No change is introduced with respect to the current criterion of the “registered office”.

The reference to POEM uses the same wording which we typically see in DTCs. This choice of wording aligns with the goal of ensuring the new provisions are concomitant with international and conventional standards stated by the framework Law No. 111/2023.However, some uncertainty still remains as cross-jurisdictionally it has historically been impossible to provide a comprehensive definition of the term POEM based on the language of the OECD Model Convention and on the Commentary, since it remains unclear when interpreting and applying the Conventions which level of management is relevant.

Meaning that academics and court systems have attached to POEM across a number of jurisdictions is indeed variable and heavily influenced by the corporate governance models in force. It is also, with the progressive expansion of remote working, more and more affected by the use of technology. Last but not least, the nature of the business of the company may suggest a case-by-case approach. For instance, companies having a routine functional profile may suggest that importance should be attached to day-to-day management.

The different views taken across jurisdictions on the meaning of POEM and the fact that case law is not conclusive on the matter were probably the catalyst for the OECD to introduce a new tie-breaker standard in the 2017 Model Convention (2017 MC) by deferring dual residence cases to the Competent Authority procedure (MAP). In this respect, the attempt of aligning the new law provision to international and conventional rules may be frustrated by the adoption of a standard (POEM), which the OECD MC is progressively abandoning or at the very least questioning.

While Italy made a reservation on the new tie-breaker rule (which defers dual residence cases to the MAP procedure), when it signed in 2017 the Multilateral Convention (MLI) to Implement Tax Treaty Related Measures to Prevent Base Erosion and Profit Shifting (BEPS), on the other hand it did adopt such new standard in recently executed DTC (e.g. Jamaica, Colombia, Uruguay, Romania).

Italy may yet align to the new standard within the ratification of the MLI. In any event, for the time being, most of the DTC that Italy currently has in force refer to POEM as a tie-breaker rule. While in the majority of cases, consensus has been reached that prevalence should be given to the place where the board of directors meet to discuss the strategy of the company and take key decisions, and that a company can have only one POEM, there are cases (also under Italian case law) where, in interpreting the treaty concept of POEM, prevalence was given to the day-to-day management. This was especially true for companies whose activity is limited and/or simple, as those that provide routine services, for instance toll manufacturers.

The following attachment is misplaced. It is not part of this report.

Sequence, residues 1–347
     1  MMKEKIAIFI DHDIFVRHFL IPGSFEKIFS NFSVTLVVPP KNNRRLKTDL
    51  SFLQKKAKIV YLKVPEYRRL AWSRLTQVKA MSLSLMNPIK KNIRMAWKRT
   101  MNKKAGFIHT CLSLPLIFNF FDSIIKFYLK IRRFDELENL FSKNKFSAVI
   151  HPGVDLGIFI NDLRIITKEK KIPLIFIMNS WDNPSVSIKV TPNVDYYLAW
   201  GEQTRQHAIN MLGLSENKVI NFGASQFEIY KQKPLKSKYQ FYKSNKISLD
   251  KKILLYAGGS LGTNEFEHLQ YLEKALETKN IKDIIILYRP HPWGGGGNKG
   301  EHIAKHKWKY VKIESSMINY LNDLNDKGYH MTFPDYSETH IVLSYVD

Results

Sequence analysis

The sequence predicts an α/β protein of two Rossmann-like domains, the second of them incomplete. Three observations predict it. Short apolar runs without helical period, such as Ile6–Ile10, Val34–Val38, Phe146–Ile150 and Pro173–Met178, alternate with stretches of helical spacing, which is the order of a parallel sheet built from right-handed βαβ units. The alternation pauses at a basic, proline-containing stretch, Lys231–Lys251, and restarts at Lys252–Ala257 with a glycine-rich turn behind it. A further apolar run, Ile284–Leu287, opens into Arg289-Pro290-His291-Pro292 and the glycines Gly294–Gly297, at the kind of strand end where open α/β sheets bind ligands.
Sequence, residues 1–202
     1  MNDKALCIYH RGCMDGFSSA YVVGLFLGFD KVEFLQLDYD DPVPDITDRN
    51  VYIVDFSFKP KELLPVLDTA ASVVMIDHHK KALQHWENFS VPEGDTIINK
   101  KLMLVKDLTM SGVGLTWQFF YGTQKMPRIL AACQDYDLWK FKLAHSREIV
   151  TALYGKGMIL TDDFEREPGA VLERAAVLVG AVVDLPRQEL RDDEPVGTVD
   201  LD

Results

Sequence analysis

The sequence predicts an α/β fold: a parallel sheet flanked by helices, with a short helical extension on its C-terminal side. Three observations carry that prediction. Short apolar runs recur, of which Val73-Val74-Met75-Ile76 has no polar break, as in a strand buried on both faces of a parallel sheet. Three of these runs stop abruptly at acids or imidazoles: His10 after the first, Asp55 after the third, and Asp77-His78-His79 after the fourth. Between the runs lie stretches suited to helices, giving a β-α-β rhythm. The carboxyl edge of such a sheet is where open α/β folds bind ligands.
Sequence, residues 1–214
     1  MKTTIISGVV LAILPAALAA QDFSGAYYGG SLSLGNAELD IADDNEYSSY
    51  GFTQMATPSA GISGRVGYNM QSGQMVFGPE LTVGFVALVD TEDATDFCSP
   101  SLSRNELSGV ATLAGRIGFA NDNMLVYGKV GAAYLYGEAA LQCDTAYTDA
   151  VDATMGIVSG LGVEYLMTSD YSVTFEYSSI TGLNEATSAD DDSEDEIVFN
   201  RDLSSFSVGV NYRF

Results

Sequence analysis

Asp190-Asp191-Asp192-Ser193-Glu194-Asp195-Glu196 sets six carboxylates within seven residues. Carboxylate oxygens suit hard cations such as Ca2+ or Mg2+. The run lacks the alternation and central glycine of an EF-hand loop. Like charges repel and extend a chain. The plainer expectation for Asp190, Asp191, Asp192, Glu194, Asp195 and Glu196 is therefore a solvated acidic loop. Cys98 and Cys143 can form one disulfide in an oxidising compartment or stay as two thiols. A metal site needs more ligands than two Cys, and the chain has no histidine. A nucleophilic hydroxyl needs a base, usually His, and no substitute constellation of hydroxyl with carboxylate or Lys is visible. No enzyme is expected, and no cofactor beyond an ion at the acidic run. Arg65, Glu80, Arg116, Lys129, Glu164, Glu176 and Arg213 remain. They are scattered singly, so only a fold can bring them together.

The draft law currently under discussion provides a definition of POEM making clear reference to the place of the continuous and coordinated taking of strategic decisions concerning the company or entity as a whole. Accordingly, it appears reasonable to expect that in the future from an Italian perspective the same meaning should be given to the concept of POEM for both domestic law and treaty purposes: POEM would thus be considered the place where strategic decisions are taken in a continuous and coordinated fashion.

As a consequence, while the proposed domestic provision also attaches residence to the place of continuous and coordinated performance of day-to-day management acts, conflicts of residence to be addressed under a POEM treaty clause should be resolved by giving exclusive relevance to the place where the strategic decisions are taken, no matter where the day-to-day management is carried out.

The analysis for new DTCs (and for several additional jurisdictions, in the case that Italy aligns to such new standard within ratification of the MLI) is different, as these defer to the MAP the resolution of dual residence of companies and legal entities. In such cases, pursuant to the new standard of article 4§3 of the MC, for the purposes of the MAP, the competent authorities should have regard to the place of effective management, the place where the company is incorporated or otherwise constituted and “any other relevant factors”, which according to the OECD Commentary should include, among others, “where the senior day-to-day management of the person in carried on”. It should therefore be expected that day-to-day management will still play a role in the application of those DTC which do not exclusively rely on the POEM for the resolution of dual residence.